MySensors Solar Powered Node – Part 2

I prototyped my Solar Powered Arduino design and started taking some measurements. I’ll show the (really bad) performance of my cheap solar panel, give you an idea of how much current my Arduino and MCP1703 suck and then explain my first stab at a sketch. Remember, this is work in progress and if you read the next post about my Solar Powered Arduino you’ll find out that I came across a few problems that I had to get around.

Solar Powered Arduino – some baselines

Solar Panel

Panel is rated at 6v 150mA ~ 1W. Here are some readings from the panel this morning. It’s a very cloudy midwinter day here. You can see that the panel is <1% efficient at times.

Measured Solar Panel Output
conditions voltage (mV) current (mA)
Very cloudy midwinter 8.30am 4.2 0.510
Very cloudy midwinter 10.00am 5.0 0.810
Very cloudy midwinter 10.30am 5.63 1.9
Very cloudy midwinter 12.30am 5.02 0.8

Arduino

This is a 3.3v Arduino clone with a couple of minor modifications.  The Power LED is removed, the onboard regulator is removed. These are the standard hacks to reduce the board’s power consumption. The bootloader is not modified as we are using the MCP1703 regulator.

It has a standard nRF24L01+ clone attached to it and is running the MySensors 2.1.0 software stack. Here’s an idea of power consumption in different scenarios. These are tested using my cheap multimeter so the uA value is probably not quite right. They are also tested before the MCP1703 as I want to get an idea of total power consumption.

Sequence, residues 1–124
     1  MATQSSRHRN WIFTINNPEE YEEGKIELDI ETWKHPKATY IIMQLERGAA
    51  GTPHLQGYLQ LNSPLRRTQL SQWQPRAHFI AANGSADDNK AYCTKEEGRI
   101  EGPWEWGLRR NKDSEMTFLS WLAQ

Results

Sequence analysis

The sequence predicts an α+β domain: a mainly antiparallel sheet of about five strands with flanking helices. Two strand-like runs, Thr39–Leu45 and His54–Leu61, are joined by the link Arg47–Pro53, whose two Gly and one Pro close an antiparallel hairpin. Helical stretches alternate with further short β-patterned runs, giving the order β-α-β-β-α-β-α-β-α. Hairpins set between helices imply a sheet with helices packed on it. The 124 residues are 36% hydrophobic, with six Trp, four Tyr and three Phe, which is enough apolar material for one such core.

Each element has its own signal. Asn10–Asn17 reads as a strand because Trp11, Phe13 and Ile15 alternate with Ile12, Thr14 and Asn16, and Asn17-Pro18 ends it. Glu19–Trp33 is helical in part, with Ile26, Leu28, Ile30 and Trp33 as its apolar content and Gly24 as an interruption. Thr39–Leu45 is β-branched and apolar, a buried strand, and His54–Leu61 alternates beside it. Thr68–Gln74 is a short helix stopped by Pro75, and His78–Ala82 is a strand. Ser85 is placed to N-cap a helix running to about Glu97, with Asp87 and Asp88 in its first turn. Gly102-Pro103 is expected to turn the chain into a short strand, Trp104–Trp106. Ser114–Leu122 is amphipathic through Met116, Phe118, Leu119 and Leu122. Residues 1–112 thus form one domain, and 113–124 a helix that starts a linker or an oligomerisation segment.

Measured Arduino Power Consumption
Arduino Radio current (mA)
Awake On 30
Arduino Standard Sleep Off 4
MySensors Sleep Off 0.0077

The Solar Panel

It’s worth mentioning this part of the system. I’ve got a few worries here. I ordered a 1N4148TR diode. This is a very cheap low current device (max 300mA), double the rated output of the solar panel. The plan was that the diode was used to stop leakage from the capacitor back through the solar panel when it’s dark. It is also used to drop the voltage from the solar panel to ‘below’ the rated value of the Super Capacitor.

I think I’ve chosen the wrong diode. After measuring the voltage drop with no load, it appears to be just under 0.5v – not enough! As the current increases the voltage drop increases to 0.7v. Ideally I need to find one with a min voltage drop of 0.6v, or work on another solution. This is an interesting post about the 4148 diode characteristics.

I think what the article is telling me is that my diode has a bigger voltage drop at lower voltages and currents. I need either a diode with a fixed minimum voltage drop or a clamping circuit like this to make sure I keep within my voltage limits.

The Sketch

Here’s the example sketch for the Solar Powered Arduino. There are some things to note. If the Capacitor is in a good state then values for battery percentage and voltage are sent to the server every 5 minutes. In the case where the battery voltage has dropped too low, no values are sent and the Arduino sleeps for 15 minutes before checking again.

// Enable debug prints to serial monitor
#define MY_DEBUG 

// Enable and select radio type attached
#define MY_RADIO_NRF24
//#define MY_RF24_PA_LEVEL RF24_PA_LOW